Greater Manchester’s empty housing stock is potentially a prime resource for providing more social and other forms of housing, writes Guy Horne – but public and private bodies must work together to make this happen
WITHOUT question, homelessness is a major issue in Greater Manchester. According to statistics from Shelter in 2017, one in every 154 people across the region is homeless.
Homelessness, in this case, refers to any person who does not have a fixed, stable abode – this includes rough sleepers, those without rights to the property in which they currently reside, and even those living in housing that does not adequately meet government standards.
This October marked the beginning of Empty Homes Week 2018 – a national campaign aiming to tackle the housing crisis by utilising Britain’s available stock. Currently, there are more than 600,000 empty properties across the UK, with over 200,000 of them empty for six months or longer.
Likewise, there are over one million people on the waiting list for social homes, which poses the inevitable question of why empty homes are being overlooked in favour of new build projects.
Improving existing homes
There is an array of benefits to renovating current housing stock. Typically, it is a simpler task than building from the ground up, so results can be achieved quicker. Assuming that a home is structurally suitable, these projects can bring houses up to an adequate standard in a matter of weeks. This speed of delivery can be vital, especially at times when finding homes for the most vulnerable in our society is imperative – before winter, for example.
Renovating is also cheaper than building from scratch. Financial constraints have escalated the housing crisis in recent years, with social housing proving particularly problematic for cash-strapped local authorities. Improving the quality of vacant homes is often a cost effective way to increase the number of affordable homes available.
To get the full potential out of empty homes, it’s important to target locations where housing demand is high and access to vacant properties is achievable. Greater Manchester is the perfect example of this.
It’s no secret that Manchester’s property market is booming, yet there is a critical undersupply of affordable accommodation across the city. The Government has recognised the need for investment and has pledged £2 billion to building social homes. However, this figure won’t be enough to solve the problem.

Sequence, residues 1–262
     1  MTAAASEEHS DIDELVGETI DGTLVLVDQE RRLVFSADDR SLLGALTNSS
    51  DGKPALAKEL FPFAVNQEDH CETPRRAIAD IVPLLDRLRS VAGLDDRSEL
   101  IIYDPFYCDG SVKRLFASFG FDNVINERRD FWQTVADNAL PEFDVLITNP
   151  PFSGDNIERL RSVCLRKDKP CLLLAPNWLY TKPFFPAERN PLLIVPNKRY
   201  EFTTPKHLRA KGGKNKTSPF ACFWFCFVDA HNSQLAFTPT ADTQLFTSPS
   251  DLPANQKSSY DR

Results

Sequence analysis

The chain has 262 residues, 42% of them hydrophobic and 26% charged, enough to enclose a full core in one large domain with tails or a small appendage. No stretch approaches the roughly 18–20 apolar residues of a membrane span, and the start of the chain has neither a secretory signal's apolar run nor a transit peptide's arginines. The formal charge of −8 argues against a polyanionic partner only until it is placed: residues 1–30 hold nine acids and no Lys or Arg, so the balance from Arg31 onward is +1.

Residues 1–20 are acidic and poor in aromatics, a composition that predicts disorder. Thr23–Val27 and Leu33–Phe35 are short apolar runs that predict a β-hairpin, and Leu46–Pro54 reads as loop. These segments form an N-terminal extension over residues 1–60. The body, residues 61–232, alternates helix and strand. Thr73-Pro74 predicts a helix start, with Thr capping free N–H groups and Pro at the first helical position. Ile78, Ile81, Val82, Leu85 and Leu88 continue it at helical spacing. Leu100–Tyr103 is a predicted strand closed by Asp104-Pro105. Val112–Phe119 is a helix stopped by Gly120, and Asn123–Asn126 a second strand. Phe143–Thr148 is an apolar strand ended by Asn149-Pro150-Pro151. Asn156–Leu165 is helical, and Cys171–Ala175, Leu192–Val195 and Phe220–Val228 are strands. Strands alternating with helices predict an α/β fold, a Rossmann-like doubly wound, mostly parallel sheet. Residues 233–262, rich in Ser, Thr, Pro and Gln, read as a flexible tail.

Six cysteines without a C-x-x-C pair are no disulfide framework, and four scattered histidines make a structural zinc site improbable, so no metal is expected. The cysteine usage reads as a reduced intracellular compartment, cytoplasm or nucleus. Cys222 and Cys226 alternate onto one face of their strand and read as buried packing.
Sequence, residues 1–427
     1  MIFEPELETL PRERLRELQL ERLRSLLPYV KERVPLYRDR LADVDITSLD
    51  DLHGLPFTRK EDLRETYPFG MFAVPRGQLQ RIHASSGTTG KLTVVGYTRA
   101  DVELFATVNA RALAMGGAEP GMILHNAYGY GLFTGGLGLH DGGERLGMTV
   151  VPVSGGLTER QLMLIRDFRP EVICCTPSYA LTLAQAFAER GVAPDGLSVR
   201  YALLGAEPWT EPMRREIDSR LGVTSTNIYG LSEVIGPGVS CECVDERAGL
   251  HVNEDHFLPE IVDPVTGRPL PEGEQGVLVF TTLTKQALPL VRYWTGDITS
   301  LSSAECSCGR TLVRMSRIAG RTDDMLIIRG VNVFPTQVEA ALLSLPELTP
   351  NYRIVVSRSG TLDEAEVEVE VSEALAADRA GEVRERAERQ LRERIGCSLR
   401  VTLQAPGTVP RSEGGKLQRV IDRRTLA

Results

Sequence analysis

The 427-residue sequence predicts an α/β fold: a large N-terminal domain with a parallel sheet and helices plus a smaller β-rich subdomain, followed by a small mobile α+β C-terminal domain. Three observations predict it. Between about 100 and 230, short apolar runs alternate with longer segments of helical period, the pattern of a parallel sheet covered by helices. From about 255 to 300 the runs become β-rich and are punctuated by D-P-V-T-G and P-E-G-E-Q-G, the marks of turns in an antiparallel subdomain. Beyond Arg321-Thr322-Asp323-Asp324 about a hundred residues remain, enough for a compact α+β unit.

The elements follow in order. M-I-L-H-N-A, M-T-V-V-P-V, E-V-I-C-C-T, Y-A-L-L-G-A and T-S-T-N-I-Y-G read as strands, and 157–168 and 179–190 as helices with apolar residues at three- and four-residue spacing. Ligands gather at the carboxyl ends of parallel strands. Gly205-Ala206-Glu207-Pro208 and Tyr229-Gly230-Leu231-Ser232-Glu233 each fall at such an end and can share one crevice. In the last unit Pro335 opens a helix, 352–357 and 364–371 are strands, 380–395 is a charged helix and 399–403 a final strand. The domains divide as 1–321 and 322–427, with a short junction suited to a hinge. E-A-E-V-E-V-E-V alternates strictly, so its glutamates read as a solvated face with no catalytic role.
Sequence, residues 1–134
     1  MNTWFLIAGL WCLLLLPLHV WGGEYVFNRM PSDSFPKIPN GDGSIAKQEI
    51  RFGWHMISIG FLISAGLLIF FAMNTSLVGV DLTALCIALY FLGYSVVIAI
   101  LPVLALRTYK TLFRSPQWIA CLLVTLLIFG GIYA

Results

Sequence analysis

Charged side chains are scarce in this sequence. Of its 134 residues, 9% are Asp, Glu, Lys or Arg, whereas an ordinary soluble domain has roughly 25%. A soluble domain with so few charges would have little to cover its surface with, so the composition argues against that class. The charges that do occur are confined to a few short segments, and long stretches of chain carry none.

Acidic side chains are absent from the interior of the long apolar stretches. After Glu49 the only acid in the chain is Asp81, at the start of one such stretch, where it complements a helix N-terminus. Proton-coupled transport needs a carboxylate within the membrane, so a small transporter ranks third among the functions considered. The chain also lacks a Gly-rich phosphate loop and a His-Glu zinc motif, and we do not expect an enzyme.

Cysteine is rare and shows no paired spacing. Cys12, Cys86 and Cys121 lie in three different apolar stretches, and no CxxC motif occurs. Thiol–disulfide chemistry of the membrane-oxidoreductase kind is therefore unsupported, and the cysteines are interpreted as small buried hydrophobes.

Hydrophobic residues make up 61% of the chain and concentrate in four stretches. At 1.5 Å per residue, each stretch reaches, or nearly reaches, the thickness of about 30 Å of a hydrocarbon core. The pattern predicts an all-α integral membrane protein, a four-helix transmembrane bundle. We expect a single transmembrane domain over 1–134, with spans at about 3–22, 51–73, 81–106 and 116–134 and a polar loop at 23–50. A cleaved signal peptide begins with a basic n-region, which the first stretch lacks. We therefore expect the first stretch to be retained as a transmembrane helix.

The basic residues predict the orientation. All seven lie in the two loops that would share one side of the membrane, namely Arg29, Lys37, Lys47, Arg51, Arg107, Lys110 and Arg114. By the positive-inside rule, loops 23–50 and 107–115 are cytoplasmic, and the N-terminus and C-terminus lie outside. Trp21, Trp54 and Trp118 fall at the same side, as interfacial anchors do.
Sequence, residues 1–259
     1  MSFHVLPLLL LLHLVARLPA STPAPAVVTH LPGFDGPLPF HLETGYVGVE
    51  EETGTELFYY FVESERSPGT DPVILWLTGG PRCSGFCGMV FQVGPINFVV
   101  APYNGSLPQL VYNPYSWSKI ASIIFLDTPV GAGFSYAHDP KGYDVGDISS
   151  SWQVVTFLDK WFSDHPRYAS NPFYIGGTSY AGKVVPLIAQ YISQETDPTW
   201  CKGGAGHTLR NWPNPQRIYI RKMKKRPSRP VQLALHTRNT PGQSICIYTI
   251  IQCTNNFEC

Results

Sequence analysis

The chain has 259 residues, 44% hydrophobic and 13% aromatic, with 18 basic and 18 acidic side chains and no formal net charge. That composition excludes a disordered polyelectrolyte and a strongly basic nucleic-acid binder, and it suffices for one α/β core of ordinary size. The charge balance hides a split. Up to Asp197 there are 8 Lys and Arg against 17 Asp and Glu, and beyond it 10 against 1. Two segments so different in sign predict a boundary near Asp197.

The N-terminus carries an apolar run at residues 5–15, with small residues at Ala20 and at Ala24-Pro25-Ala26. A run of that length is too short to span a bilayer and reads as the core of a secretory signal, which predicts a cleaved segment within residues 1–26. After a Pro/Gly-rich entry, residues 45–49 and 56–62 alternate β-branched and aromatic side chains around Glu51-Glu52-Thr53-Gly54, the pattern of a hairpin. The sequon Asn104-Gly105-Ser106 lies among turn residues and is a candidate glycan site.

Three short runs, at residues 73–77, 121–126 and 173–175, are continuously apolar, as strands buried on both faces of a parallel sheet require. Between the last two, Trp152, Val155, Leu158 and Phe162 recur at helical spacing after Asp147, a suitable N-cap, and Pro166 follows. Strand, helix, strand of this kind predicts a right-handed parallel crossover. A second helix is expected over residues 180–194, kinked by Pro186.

The Northern Powerhouse initiative has made boroughs of Greater Manchester very appealing. Previously overlooked areas have become more attractive thanks to regeneration plans, better commuter links and affordable prices. Transforming existing properties in these locations into satisfactory homes is the best way to meet demand across both the social housing and PRS sectors.
However, renovation projects are not easy. The refurbishments must reach a certain quality, as outlined by the Government’s Decent Homes Standard.
Strategic collaborations between private developers and local authorities are pivotal to unlocking the potential of Greater Manchester’s empty homes. Developers have the expertise to identify stock ripe for redevelopment and carry out the renovation work, while social housing organisations can ensure that these homes are used to rehouse the most vulnerable citizens.
These partnerships can help Greater Manchester to achieve its overall regeneration aims, which should be to battle the overwhelming demand for affordable housing. Focusing on improving the quantity and quality of social homes reflects the area’s specific housing needs – at present, there are too many people waiting for too few affordable homes.
Many people do not possess the financial resources to rent alone privately, so shared housing, co-living and HMOs are particularly effective ways to combat the problem.
Using unfilled properties to create more shared housing opportunities can be another way to help to alleviate the housing crisis across Greater Manchester.
The creation of these homes is just the beginning – the ultimate goal is to create stronger communities. The renovation of existing buildings into social housing has the power to create mixed tenure neighbourhoods that are more cohesive.
To bring this to fruition, there needs to be greater investment in community facilities. Vulnerable members of society require more than just housing – they must be able to access vital services every day. Greater emphasis on adult social care, community facilities and suitable work and education training centres could help to increase overall quality of life.
Empty homes can also be used to provide temporary relief. Housing Social, a subsidiary of HS Property Group, works with landlords and agents to house homeless people and families who find themselves struggling to pay rent. Converting more empty properties across Greater Manchester into accommodation like this can help provide relief to struggling citizens.
Ultimately, empty properties present a key opportunity to address our housing concerns, while strengthening communities. Transforming Greater Manchester’s vacant homes into sought-after social housing and HMOs is something both public and private bodies need to work together to do.
Guy Horne is a co-founder of HS Property Group